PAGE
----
A treasure trove has been discovered in a shipwrecks in the Australian outback, the latest in a series of shipwreck discoveries that have led to people selling off their possessions.
In July, a ship off the coast of New South Wales found what was believed to be a priceless treasure trove, but authorities later said it was a hoax.
Now, researchers have revealed that the shipwreck is a collection of a few hundred wooden items from different ships and other artifacts dating back to the 1500s.
The artifacts were discovered in the middle of a coastal region known as the Gold Coast, in the Pilbara region.
Some of the objects were found in two separate sites in the same year, but all were discovered at the same time.
One of the shipwrewcks contained a treasure chest, but it was not clear if the items contained gold or silver.
The shipwreck was named after Captain John W. Pilgrim, a British sailor who was responsible for the recovery of the wreck of the HMS Terror in 1765.
He is now buried in the graveyard.
“We were very lucky, and very blessed to be able to find the ship and recover these objects,” Dr Rebecca Koeppe, a palaeontologist at the University of Western Australia, told ABC Radio Canberra.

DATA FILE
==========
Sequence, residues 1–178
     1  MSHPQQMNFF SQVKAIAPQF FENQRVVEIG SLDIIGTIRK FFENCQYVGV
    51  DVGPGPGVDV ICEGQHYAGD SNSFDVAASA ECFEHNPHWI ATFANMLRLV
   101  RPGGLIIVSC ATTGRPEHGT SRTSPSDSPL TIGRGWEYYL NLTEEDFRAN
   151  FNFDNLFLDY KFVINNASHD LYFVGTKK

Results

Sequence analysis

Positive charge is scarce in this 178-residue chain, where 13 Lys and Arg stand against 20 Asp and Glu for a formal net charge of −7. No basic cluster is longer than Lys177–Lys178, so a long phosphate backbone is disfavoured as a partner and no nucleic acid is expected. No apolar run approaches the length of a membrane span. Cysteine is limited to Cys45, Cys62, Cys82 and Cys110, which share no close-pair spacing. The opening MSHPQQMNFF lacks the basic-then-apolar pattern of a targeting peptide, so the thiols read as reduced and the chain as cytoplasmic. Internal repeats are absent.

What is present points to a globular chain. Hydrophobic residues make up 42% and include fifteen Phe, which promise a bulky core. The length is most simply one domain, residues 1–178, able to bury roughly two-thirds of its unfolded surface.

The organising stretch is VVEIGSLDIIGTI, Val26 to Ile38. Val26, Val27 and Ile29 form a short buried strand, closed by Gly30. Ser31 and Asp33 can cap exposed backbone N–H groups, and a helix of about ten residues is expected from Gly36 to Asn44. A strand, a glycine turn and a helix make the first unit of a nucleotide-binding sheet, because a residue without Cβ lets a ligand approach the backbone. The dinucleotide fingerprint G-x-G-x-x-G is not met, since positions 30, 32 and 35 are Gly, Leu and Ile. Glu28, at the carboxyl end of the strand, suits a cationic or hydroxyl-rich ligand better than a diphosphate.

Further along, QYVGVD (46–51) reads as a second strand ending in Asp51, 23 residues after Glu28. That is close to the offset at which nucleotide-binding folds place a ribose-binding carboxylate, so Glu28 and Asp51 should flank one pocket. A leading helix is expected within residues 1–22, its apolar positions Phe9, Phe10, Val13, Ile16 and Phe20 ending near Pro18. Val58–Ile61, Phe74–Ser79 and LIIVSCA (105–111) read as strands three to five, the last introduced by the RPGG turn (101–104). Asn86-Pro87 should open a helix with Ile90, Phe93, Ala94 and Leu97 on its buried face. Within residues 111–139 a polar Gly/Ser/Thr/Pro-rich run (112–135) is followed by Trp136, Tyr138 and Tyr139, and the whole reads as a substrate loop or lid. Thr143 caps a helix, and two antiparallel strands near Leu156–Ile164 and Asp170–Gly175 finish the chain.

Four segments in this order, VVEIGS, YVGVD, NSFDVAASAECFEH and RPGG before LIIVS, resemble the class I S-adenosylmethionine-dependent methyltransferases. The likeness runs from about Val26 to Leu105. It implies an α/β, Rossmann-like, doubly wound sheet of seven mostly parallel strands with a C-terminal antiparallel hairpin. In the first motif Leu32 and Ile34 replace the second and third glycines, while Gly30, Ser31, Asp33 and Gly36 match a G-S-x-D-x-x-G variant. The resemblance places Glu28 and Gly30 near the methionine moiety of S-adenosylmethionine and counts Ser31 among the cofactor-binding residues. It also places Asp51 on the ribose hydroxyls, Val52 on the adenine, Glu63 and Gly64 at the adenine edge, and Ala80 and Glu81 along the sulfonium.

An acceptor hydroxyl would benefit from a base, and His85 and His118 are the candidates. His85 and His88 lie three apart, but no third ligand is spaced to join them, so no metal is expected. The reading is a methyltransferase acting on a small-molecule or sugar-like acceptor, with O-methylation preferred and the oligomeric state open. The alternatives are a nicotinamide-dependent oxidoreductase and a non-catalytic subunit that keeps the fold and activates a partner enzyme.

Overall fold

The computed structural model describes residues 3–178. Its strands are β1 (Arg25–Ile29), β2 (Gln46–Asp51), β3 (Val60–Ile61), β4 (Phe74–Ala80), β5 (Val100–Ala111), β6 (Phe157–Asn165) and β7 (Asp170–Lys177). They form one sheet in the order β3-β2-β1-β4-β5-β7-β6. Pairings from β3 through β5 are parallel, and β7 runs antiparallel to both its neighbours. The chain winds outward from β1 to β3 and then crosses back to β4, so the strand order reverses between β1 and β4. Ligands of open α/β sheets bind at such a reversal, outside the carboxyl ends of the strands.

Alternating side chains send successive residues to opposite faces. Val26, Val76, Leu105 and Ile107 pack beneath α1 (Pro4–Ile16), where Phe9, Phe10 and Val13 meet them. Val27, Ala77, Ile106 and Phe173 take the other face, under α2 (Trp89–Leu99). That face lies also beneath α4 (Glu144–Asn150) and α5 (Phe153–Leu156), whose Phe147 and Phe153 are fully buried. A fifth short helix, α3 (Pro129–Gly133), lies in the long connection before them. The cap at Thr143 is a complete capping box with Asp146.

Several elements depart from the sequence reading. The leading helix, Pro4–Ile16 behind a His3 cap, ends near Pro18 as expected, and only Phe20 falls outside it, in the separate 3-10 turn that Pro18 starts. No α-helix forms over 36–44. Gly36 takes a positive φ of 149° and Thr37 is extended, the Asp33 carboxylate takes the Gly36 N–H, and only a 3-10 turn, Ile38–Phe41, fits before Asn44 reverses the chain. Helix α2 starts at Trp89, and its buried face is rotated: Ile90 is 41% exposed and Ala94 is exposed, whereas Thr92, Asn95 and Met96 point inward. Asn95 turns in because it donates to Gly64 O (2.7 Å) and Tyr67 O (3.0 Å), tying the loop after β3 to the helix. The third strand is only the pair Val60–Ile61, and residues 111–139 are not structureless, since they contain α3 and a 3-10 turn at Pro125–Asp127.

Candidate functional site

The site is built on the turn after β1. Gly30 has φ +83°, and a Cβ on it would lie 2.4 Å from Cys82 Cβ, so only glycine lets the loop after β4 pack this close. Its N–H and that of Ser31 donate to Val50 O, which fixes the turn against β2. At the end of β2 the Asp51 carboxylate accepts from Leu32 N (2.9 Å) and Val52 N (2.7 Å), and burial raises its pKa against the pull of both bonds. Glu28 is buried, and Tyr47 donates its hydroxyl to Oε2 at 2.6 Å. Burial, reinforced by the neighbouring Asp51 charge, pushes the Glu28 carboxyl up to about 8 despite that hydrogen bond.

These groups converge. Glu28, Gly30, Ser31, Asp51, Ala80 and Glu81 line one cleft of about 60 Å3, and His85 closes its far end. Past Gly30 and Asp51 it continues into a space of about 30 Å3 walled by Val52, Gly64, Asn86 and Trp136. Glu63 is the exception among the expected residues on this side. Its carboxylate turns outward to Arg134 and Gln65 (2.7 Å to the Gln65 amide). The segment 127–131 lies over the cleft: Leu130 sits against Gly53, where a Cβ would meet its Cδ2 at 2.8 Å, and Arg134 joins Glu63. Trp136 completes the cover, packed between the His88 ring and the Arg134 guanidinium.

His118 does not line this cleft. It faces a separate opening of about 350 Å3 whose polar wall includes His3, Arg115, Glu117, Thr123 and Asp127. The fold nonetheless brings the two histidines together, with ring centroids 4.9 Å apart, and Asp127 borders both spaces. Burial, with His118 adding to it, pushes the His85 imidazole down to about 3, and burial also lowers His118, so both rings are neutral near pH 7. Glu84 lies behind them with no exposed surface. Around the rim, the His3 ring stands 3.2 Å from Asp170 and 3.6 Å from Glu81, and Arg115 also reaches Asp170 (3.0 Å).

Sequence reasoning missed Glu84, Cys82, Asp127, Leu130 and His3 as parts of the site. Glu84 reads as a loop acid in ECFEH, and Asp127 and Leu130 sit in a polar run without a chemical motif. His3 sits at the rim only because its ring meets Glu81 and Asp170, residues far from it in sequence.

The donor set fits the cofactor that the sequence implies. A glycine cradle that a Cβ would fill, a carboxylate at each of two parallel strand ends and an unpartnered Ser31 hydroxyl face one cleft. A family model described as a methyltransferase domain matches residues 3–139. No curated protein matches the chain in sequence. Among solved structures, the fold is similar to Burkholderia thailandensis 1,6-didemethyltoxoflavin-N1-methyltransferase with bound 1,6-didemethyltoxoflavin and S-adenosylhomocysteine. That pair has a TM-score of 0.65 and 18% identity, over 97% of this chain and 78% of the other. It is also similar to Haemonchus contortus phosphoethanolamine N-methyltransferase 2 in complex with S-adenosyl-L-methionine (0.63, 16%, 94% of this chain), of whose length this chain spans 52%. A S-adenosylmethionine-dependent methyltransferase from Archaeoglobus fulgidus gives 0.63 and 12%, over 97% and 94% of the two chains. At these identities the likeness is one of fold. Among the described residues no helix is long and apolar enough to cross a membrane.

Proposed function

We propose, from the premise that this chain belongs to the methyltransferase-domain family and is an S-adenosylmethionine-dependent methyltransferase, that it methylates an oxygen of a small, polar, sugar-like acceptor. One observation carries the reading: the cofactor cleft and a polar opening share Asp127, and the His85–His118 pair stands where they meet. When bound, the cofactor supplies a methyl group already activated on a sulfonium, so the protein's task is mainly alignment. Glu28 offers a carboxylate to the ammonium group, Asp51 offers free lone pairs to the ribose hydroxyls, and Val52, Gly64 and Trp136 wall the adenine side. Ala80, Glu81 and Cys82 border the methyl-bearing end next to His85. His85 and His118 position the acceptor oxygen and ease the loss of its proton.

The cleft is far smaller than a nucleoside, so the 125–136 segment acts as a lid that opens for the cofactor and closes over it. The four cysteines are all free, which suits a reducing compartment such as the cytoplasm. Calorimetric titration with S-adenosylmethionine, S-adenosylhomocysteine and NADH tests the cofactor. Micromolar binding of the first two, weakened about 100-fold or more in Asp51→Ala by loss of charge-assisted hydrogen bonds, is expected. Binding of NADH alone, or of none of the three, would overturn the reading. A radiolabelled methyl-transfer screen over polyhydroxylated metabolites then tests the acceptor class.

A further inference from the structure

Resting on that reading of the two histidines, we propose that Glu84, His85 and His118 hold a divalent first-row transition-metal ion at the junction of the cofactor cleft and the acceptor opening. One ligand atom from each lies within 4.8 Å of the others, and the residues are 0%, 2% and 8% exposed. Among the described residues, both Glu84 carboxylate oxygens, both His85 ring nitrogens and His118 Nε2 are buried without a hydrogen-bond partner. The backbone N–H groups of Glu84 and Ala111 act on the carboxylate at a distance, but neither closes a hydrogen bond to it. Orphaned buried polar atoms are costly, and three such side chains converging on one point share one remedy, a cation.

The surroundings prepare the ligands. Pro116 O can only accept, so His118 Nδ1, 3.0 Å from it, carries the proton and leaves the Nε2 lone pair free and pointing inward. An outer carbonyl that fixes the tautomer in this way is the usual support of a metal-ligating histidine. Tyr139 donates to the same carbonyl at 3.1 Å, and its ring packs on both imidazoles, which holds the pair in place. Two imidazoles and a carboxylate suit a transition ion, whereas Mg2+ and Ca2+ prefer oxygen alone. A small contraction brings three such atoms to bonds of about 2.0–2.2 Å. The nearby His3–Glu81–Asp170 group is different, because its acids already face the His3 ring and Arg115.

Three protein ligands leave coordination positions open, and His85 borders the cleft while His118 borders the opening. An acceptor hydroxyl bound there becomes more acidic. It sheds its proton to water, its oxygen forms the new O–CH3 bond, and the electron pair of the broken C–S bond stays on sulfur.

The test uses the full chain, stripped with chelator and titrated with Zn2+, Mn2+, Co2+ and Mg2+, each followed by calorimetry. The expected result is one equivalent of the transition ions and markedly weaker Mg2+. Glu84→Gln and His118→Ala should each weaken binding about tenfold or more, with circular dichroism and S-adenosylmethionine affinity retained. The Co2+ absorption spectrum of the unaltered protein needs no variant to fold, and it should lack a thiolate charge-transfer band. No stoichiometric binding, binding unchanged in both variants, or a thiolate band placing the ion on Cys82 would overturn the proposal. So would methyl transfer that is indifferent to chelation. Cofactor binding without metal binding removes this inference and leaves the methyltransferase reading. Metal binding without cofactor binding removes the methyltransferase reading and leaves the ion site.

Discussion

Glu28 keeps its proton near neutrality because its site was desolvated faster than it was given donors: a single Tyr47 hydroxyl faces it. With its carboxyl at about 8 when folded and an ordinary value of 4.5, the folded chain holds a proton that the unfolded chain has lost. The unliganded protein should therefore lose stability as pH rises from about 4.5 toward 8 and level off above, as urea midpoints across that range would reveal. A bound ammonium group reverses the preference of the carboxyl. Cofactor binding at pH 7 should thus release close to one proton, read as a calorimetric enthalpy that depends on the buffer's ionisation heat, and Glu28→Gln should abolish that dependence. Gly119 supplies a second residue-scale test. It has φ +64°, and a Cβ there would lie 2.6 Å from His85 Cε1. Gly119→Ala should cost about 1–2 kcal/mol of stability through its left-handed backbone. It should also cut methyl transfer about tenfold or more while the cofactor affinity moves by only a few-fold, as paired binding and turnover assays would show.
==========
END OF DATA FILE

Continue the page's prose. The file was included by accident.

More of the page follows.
“I think we’re only going to see more shipwreshes and discoveries like this.”
The discovery has raised questions about the authenticity of the ancient treasure, which has been found on both sides of the Tasman Sea.
Dr Koeppen said the items were not necessarily genuine and they were likely to have been bought from shipwares that were lost at sea, which was a common practice at the time.
“It would be very unusual for these items to have survived long-term on their own,” she said.
Dr Roberts said the treasure trove was an important piece of history that should be preserved.
“The ship is the most famous shipwreck in Australia and there’s no doubt that there’s some very valuable material on board, including the treasure,” he said.
“If it’s in good condition, then there’s a lot of value for the museum and for the people who have travelled there.”